• Reasonable efficiencies to state government: Pass the Governor's harder-hitting pension reform proposals. Moreover, get major public-employee unions to the table with the Gov, Senate President and Speaker to talk fair ways to save money and jobs by switching to GIC or other regional plans in every single city and town where that makes sense. There's hundreds of millions to be saved there - and plenty of common ground to be had. Do it. It's the duty of our elected leaders to act like adults and get these unions to the table, so we can access these savings throughout the state.
Aside from perhaps the gas tax, Ryan's Risk-Adverse Advice for Raising Good Revenue Streams won't piss off any serious group of citizens. Carla Howell may blow a gasket, but her minions won't be on the march because suddenly Verizon has to pay property taxes on its property. Hence why this plan is so risk-adverse -- these taxes aren't going to be noticed. They're not large and most can't be blamed on the State House, as they'd now be local issues.
Even the gas tax, combined with pension reform at our state's transportation authorities, would be tolerated by the general public with even the smallest of public awareness campaigns. Plus, even a 20 or 25 cent gas tax won't be noticed or thought of at length after a few months. Phase it in over a year or two and maybe no one notices at all?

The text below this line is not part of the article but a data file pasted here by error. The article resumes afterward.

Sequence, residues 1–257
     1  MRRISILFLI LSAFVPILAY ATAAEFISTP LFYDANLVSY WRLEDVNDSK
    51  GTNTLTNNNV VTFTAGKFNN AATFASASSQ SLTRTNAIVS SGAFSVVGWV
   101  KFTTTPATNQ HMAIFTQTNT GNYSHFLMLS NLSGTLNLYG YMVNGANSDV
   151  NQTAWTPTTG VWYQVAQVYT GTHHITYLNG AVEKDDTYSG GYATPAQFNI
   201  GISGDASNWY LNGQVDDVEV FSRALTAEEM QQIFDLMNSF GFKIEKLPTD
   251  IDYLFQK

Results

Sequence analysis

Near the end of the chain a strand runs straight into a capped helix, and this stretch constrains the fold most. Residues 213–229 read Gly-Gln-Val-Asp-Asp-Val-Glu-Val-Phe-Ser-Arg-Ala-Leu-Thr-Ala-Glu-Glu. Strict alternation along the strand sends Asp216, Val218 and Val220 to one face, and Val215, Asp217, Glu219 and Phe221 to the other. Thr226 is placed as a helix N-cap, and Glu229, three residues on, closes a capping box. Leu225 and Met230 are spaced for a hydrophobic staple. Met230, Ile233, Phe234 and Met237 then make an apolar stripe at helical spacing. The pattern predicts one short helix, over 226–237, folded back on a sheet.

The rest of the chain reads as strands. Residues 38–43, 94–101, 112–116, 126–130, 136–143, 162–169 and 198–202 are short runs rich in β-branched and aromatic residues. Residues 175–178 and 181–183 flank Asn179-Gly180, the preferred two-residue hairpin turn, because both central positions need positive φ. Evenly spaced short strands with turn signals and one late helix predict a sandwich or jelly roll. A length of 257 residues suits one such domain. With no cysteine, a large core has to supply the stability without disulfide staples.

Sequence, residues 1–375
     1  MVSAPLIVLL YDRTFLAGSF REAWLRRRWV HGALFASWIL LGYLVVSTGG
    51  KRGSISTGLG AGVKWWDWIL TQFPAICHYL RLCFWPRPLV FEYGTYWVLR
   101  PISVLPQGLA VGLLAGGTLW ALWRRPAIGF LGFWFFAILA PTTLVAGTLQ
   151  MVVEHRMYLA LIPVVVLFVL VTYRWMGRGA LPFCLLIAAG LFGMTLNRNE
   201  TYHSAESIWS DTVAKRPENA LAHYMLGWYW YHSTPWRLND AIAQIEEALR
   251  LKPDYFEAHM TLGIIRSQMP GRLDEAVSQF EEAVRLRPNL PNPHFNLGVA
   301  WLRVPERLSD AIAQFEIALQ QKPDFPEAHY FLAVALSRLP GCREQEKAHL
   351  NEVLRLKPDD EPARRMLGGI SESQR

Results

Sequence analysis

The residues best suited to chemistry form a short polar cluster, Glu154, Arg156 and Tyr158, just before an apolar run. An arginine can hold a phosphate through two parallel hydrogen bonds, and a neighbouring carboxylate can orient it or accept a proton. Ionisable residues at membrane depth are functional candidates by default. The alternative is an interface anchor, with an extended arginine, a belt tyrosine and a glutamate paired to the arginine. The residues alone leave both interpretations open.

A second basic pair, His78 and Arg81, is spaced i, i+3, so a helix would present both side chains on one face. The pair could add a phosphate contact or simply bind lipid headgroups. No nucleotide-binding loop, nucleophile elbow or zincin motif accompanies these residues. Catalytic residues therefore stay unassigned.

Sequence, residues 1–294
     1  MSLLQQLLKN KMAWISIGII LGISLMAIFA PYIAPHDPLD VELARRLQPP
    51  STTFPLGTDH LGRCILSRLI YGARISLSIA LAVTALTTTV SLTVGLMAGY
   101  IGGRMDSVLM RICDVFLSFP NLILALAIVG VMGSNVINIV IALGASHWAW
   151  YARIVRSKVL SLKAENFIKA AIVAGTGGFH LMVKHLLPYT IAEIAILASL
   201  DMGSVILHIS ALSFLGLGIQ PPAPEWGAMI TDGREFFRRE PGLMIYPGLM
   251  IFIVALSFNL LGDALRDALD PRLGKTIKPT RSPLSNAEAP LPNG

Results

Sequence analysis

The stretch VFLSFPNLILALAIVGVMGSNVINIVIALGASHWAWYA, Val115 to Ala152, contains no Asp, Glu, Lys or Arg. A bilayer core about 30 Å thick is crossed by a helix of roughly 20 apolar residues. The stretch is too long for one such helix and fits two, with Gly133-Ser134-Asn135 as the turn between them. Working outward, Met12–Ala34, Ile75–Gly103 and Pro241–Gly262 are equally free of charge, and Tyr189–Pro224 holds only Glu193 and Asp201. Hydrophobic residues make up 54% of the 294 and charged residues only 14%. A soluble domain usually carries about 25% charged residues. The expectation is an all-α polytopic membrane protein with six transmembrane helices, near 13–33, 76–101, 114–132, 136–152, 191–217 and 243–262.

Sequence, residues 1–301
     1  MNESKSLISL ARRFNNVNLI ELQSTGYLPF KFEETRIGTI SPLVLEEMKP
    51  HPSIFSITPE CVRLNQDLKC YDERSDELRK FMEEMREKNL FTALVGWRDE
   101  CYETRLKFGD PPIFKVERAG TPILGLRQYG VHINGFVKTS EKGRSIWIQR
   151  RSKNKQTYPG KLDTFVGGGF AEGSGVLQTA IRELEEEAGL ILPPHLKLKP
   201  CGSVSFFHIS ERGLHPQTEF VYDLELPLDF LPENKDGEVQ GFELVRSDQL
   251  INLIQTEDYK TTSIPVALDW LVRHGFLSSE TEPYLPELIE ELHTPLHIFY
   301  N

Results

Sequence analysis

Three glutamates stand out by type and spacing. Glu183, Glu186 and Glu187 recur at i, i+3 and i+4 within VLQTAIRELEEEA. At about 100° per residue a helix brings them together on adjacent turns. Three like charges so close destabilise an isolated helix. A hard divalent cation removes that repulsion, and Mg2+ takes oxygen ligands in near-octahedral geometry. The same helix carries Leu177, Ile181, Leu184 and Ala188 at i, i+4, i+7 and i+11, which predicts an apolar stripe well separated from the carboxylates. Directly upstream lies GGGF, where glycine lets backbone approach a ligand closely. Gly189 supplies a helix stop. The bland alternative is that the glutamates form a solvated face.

Anonymous said...

Tax Verizon and guess who pays the bill? The ratepayer. In other words, your phone bill goes up. Just movin' money from one pocket to the next. Next idea.

Ryan said...

Um, not true. If our zero-tax status to Verizon were so beneficial to telecoms, why do we have some of the highest telecom rates in the country? Other states have this tax, including expensive-to-live-in states, whilst having lower telecom rates.

Furthermore, if telecoms were taxed on these lines it would be an absolutely miniscule percent of their overall profits. There's no indication that it would result in those expenses being passed off to the consumer because of the steep competition Verizon has with Comcast, who already pays these taxes. Even if it did, it would be a tiny, tiny some - whilst providing a huge new revenue source for municipalities. No matter how you slice it, this is a good policy decision. There's a reason why we're the only state in the country with this corporate loophole - and, honestly, it's an unfair advantage to Verizon that Comcast doesn't have...or you and me (I've love to have no property taxes, after all!)